One of the good, reliable citizens of Johnson county, who has seen the resources of the country grow and develop during his long residence here, is Joseph Hampton Taylor, a veteran of the great Civil war, owner of a tract of two hundred and twenty-four acres of excellent farming land, and proprietor of a successful sawmill business. Mr. Taylor was born on a farm in Bloomfield township, Johnson county, February 25, 1844, and is a son of Giles and Elizabeth (Kuykendall) Taylor, and a grandson of William Taylor, the latter a native of Virginia, who migrated first to South Carolina and then to Williamson county, Illinois, in 1800, where he was one of the very earliest settlers.

Giles Taylor was born in 1818. in Williamson county, near Creal Springs, and his whole life was spent in agricultural pursuits, being, at the time of his death in 1895, one of the successful and prominent farmers of Johnson county. He married Elizabeth Kuykendall, a sister of Major A. J. Kuykendall, and they had a family of ten children, of whom one, Elizabeth, is deceased, while the survivors, all of whom are residing in the same neighborhood, are as follows: Joseph Hampton, W. C., James M., G. B., Lydia C., Sarah E., John O., A. J. and Louisa Jane.

Joseph Hampton Taylor was educated in the common schools of his native locality, and was working on his father's farm at the time of the outbreak of the Civil war. Like other youths of his day he was fired with patriotism and anxious to go to the front in defense of his country's flag, but he was of such youthful appearance that the recruiting officers refused to accept him on three different occasions, and it was not until May, 1864, that he finally succeeded in becoming a soldier in the Union army. Enlisting in Company A, One Hundred and Forty-fifth Regiment, Illinois Volunteer Infantry, under Captain T. Chapman and Colonel George W. Lackey, he saw active service in Missouri, Kentucky, Tennessee and Kansas, being principally engaged in skirmish duty and relieving the old guard, and also participated in a raid through Kansas chasing bushwhackers. After a brave and meritorious service, during which he won a reputation for cheerful and faithful discharge of duty, he received his honorable discharge in November, 1864, and, returning home, secured a farm of eighty acres situated on the bluff east of Simpson. He continued to operate this land until 1872, when he sold it and gave all of his attention to the milling business which he had started at Sanburn at the close of the war, and which he subsequently sold in 1885, to engage in the sawmill business, in which he has continued to the present time. In 1880 he became the owner of his present farm, then a partly-improved tract of eighty acres, to which he has added from time to time until he now has two hundred and twenty-four acres, all good second bottom land situated in the center of Simpson township. He has large modern barns and outbuildings, and gives a great deal of attention to the raising of stock, having at the present time nine head of cattle, sixteen horses and fourteen hogs. Nine men are employed in his mill and on his farm, but Mr. Taylor still works as hard as any of his employes, being of a robust, hearty constitution which the years have not been able to affect. He is conceded to be an excellent business man, a scientific farmer and an intelligent judge of stock, and among his fellow townsmen has the reputation of being a public-spirited citizen who will always lend his assistance to any movement that promises to be of benefit to his community. Mr. Taylor belongs to the Grand Army of the Republic Post at Vienna, and Delta Lodge, No. 717, I. O. O. F.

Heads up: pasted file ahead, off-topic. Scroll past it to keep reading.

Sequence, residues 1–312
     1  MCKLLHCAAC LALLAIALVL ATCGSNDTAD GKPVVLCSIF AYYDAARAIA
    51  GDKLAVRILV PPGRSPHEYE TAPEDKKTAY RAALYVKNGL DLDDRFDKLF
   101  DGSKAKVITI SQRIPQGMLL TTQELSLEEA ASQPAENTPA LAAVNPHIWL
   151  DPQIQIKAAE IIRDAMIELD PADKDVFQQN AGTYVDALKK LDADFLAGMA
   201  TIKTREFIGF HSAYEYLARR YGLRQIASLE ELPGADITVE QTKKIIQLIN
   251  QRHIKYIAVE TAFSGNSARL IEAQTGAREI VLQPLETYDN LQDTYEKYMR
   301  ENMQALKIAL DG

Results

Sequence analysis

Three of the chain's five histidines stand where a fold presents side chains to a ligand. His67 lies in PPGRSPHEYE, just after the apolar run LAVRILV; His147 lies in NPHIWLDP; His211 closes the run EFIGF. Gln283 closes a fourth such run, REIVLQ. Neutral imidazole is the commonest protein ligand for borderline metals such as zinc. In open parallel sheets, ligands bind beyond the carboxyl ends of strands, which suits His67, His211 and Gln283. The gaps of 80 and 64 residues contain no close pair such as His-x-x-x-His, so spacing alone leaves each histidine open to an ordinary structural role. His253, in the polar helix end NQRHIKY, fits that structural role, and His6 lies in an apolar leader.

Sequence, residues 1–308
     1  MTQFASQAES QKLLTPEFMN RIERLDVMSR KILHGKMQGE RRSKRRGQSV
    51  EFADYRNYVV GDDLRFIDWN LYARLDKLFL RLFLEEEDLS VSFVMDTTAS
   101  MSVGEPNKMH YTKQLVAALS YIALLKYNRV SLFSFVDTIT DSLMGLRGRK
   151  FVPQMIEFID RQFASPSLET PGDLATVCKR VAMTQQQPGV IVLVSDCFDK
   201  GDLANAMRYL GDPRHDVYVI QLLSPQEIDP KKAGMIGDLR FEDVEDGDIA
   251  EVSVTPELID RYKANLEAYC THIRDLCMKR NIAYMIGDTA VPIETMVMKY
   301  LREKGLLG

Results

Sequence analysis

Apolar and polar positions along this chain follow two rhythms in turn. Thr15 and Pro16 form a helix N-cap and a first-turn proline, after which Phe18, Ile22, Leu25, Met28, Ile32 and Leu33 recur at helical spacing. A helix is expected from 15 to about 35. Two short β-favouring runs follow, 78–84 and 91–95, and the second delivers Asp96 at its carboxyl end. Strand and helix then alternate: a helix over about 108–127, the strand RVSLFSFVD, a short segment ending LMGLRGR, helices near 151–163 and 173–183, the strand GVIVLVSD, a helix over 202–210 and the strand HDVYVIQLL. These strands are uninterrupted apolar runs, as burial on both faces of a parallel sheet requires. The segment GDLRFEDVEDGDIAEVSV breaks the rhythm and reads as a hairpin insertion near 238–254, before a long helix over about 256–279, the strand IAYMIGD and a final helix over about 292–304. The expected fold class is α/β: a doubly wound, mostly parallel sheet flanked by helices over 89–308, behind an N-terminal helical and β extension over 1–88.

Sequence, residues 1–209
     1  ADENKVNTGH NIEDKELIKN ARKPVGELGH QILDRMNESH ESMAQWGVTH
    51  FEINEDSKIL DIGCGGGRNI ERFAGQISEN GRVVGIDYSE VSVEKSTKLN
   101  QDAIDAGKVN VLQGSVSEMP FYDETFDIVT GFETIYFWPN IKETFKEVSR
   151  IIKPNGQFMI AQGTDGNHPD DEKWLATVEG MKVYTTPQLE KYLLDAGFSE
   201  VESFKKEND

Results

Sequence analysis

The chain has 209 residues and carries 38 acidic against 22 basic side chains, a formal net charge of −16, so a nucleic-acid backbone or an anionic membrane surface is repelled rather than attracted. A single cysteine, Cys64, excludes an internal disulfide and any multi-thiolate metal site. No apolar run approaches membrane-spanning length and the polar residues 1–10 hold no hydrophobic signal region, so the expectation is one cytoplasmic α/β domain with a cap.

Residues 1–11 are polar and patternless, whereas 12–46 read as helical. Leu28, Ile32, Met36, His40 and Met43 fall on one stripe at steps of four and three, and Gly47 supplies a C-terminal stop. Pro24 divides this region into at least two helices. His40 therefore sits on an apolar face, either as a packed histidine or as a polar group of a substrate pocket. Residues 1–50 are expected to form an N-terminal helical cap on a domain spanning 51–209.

In 1866 Mr. Taylor was married to Miss Eliza Herell, daughter of John and Jane (Branchomb) Herell, and eleven children have been born to this union, as follows: W. G., who is married and has one child, Walter; John C.; James M., who is married and has three children, Arthur, Oran and Gladys; Mrs. Lydia C. Trigg, who has three children, Alice, Ethel and Hazel; Mrs. Cora Smoot, who has two children, Nora and Elbert; Fred; Bertha; Thomas, who married Lesty Choate and has one child, Thelma; Mrs. Clara Kerley; Pearl; and Sarah, the last-named being deceased.

Extracted 07 Nov 2018 by Norma Hass from History of Southern Illinois, by George Washington Smith, published in 1912, volume 3, pages 1385-1386.

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